National Directorate of Security says Mohammad Hanif, originally from Karachi, also had ‘close relations’ with Taliban.
United States military officials expect President Donald Trump to order a further withdrawal of troops from Afghanistan and Iraq, US media outlets reported on Monday.
CNN reported that the Pentagon issued a “warning order” to commanders to begin planning to reduce the number of troops in Afghanistan to 2,500 by January 15.
There are currently approximately 4,500 US troops in Afghanistan and 3,000 troops in Iraq. Iraq, too, is expected to see a withdrawal to 2,500.
A NATO official also cited expectations of a 1,500 to 2,000 troop decrease in Afghanistan, Reuters News Agency reported.
Trump fired his defence secretary, Mark Esper, and appointed other top Pentagon officials last week after long-standing concerns that his priorities were not being dealt with urgently enough at the Department of Defense.
They include ending the 19-year-old Afghan engagement by the Christmas holiday in December, an ambitious target that opponents of the country’s longest war welcomed.
On October 7, Trump said on Twitter, “We should have the small remaining number of our BRAVE Men and Women serving in Afghanistan home by Christmas!”
We should have the small remaining number of our BRAVE Men and Women serving in Afghanistan home by Christmas!
— Donald J. Trump (@realDonaldTrump) October 7, 2020
But a senior Republican senator warned that a rapid withdrawal from Afghanistan could harm US allies and help its adversaries.
“There’s no American who does not wish the war in Afghanistan against terrorists and their enablers had already been conclusively won … But that does not change the actual choice before us now. A rapid withdrawal of US forces from Afghanistan now would hurt our allies and delight – delight – the people who wish us harm”, Senate Majority Leader Mitch McConnell said in a Senate floor speech, without directly criticising Trump.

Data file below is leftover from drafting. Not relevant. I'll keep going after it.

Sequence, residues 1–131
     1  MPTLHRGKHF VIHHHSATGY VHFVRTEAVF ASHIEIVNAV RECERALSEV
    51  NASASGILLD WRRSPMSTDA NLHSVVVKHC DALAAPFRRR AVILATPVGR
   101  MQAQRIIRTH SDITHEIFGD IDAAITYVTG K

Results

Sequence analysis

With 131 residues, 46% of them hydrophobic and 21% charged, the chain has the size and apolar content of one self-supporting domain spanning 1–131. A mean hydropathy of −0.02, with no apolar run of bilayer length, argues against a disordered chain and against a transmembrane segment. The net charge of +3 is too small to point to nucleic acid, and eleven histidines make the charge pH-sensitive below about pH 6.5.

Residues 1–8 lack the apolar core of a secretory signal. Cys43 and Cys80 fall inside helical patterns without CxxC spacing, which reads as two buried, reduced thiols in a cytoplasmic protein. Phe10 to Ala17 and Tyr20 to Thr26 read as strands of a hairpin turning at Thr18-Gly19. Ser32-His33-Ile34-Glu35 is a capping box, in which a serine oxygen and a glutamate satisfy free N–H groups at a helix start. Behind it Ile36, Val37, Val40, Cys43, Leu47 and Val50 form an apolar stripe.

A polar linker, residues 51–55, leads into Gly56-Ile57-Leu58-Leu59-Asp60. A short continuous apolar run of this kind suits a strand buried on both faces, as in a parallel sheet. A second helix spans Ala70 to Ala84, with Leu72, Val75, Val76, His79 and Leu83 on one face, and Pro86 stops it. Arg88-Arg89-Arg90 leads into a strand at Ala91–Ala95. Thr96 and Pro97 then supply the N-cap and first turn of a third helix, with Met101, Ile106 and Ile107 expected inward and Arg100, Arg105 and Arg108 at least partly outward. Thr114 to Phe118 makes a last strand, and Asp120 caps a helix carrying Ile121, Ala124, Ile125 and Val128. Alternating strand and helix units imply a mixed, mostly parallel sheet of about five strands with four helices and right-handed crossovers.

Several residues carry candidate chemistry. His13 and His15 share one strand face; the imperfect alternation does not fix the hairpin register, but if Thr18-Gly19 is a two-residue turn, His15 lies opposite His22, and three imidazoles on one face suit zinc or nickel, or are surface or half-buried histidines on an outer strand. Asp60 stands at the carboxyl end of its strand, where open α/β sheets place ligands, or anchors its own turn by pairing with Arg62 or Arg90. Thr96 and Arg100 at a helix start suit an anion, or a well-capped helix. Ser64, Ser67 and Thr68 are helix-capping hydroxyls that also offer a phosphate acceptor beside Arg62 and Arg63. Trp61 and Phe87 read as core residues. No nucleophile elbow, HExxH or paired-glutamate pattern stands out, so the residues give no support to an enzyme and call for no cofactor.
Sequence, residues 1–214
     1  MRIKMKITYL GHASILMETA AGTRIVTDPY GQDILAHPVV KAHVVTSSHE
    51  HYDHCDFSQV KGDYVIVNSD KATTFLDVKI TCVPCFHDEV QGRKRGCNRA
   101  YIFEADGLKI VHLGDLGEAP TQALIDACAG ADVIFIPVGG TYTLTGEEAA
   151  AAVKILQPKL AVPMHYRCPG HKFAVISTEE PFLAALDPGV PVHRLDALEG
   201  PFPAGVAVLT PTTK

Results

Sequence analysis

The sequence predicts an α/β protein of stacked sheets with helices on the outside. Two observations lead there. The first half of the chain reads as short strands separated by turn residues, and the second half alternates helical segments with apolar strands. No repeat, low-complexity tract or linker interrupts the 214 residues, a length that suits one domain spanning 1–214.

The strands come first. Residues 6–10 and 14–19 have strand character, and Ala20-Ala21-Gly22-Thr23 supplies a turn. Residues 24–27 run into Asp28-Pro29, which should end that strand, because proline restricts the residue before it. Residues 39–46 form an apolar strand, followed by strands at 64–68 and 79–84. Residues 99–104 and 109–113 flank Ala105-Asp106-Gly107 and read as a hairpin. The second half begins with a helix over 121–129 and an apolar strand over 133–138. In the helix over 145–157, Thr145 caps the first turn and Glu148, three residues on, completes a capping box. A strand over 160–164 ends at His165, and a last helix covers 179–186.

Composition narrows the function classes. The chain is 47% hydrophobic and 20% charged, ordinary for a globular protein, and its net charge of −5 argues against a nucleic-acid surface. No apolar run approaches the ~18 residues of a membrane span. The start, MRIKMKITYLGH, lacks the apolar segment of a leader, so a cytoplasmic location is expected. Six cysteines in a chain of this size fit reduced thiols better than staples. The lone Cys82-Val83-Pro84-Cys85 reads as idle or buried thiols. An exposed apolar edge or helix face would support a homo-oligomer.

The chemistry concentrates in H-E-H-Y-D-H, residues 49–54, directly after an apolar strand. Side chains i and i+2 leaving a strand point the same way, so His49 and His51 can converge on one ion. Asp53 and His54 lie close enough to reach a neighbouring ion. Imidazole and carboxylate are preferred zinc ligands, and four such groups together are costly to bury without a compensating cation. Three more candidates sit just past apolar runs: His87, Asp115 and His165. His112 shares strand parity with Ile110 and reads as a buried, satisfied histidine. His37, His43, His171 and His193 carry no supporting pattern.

US and Afghan officials are warning of troubling levels of violence by Taliban fighters and persistent Taliban links to al-Qaeda.
It was those ties that triggered US military intervention in 2001 following the 9/11 attacks, which al-Qaeda carried out. Tens of thousands of Afghans, and thousands of American and allied troops, have died in the conflict in Afghanistan since then.
Some US military officials, citing counterterrorism priorities in Afghanistan, have privately urged Trump against going to zero at this point and want to keep troop levels at about 4,500 for now, Reuters reported.
The White House did not immediately comment on the media reports.
National security adviser Robert O’Brien already raised the possibility of a withdrawal, saying last month the US would go down to 2,500 by early 2021, in comments overshadowed by Trump’s Christmas timeline.
Regardless of what Trump might do, the Taliban, which is fighting against the US-backed government in Kabul, has called on the US to stick to a February agreement with the Trump administration to withdraw US troops by May, subject to certain security guarantees.
Acting Defense Secretary Christopher Miller, in a message to the US armed forces released during the weekend, echoed Trump’s desire to end US overseas engagements by saying, “It’s time to come home.” But he did not offer a timetable and stressed the need to finish the fight against al-Qaeda.
The Taliban harboured al-Qaeda’s leaders and the US special envoy for Afghanistan said the Taliban had not fulfilled their February accord commitment to breaking ties with al-Qaeda.
“We are on the verge of defeating al Qaeda and its associates, but we must avoid our past strategic error of failing to see the fight through to the finish,” wrote Miller, a former Green Beret and counterterrorism official.